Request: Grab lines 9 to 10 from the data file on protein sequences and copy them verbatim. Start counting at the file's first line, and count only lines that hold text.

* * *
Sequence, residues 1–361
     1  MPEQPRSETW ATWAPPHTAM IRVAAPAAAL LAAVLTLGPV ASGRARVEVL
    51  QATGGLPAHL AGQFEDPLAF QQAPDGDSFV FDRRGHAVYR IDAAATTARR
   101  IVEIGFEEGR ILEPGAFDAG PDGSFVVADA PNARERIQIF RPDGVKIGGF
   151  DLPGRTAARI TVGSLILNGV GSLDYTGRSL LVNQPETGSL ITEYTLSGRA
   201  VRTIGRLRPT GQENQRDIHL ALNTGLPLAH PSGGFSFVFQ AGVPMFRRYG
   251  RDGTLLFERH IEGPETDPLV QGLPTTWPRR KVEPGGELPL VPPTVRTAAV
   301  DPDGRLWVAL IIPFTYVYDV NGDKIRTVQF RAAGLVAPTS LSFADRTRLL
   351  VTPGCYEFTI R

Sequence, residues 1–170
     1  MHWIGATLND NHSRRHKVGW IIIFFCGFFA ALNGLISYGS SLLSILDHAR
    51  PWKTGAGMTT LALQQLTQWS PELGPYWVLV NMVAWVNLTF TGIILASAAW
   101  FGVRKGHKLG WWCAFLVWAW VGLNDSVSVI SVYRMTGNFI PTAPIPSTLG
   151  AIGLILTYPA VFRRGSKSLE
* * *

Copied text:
   351  VTPGCYEFTI R

Sequence, residues 1–170